Soybean Oil Versus Canola Oil

In the cooking oil section of a typical grocery store, two of the most common products are canola oil and soybean oil (typically labeled as “vegetable oil”). If you’re looking for an all purpose cooking oil, it can be difficult to choose between the two. To help you out, here is how these two popular cooking oils compare to each other.

Soybean Oil

Soybean oil is extracted from the seeds of the soybean plant. This process involves cleaning, drying, de-hulling, and cracking the seeds (beans). They are then heated, rolled into flakes, and subjected to a solvent, usually hexane, to extract the oil. The oil is purified, blended for various applications and often hydrogenated to increase its stability and thickness. Unfortunately, the hydrogenation also increases the saturated and trans fat content of the oil.

Soybean oil is perhaps the most widely used cooking oil. It is used in margarine, mayonnaise, salad dressing, sauces, and a wide variety of baked and processed foods. Most cooking oils that are simply labeled “vegetable oil” are made from soybean oil. Soybean oil is also used as animal feed, as a base for printing inks, and for oil paints. Soybean oil has a relatively high smoke point of 440°F to 475°F, depending on level of refinement, making it a popular oil for frying.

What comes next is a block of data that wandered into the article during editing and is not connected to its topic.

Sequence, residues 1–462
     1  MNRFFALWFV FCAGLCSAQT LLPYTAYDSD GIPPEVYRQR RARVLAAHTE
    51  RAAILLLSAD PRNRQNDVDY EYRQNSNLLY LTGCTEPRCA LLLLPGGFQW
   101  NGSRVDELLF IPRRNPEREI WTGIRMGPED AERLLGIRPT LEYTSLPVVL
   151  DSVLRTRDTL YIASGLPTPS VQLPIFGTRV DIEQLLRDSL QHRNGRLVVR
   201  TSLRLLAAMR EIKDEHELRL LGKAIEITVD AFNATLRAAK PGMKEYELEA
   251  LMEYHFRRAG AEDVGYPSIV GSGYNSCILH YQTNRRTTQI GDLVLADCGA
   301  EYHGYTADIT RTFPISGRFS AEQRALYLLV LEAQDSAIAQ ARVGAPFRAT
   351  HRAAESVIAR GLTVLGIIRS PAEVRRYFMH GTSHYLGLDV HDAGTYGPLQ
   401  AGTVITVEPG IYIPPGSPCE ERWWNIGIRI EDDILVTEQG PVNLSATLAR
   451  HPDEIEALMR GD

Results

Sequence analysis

Canola Oil

Canola oil is made from rapeseed, an oilseed plant that has been cultivated since ancient times as a fuel source. In the 1970’s, Canadian plant scientists came out with a genetically modified version of rapeseed that produces an oil with a different nutritional profile and much less erucic acid than oil derived from the naturally occurring plant. The resulting oil was dubbed “Canola” which stands for “Canadian oil, low acid”.

Canola oil is commonly used in frying, with a smoke point that ranges from 425°F to 475°F depending on level of refinement. It is also used for marinades, salad dressings, margarine, in recipes that call for vegetable oil, and to grease cake pans and cookie sheets. Non-food uses for canola oil include animal feed, industrial lubricants, biofuels, candles, lipsticks, and newspaper inks.

Taste Differences

Both canola oil and soybean oil have a bland flavor which makes it easy to incorporate them into a number of dishes without greatly altering the taste. However, canola oil has a tendency to produce a disagreeable fishy odor when used for frying at high temperatures.

Health Considerations

Soybean oil has a higher saturated fat content (15%) and lower monounsaturated fat content (25%) than canola oil, making it slightly less heart healthy. Canola oil is considered one of the healthiest of the cooking oils due to its low saturated fat content (7%), high monounsaturated fat content (63%) and beneficial omega-3 fatty acid profile. When selecting soybean oil, be wary of the partially hydrogenated varieties as they typically contain unhealthy trans fat.

Shelf Life

Canola oil and soybean oil both have a shelf life of about one year. Optimally, they should be stored in a dry and dark location away from heat.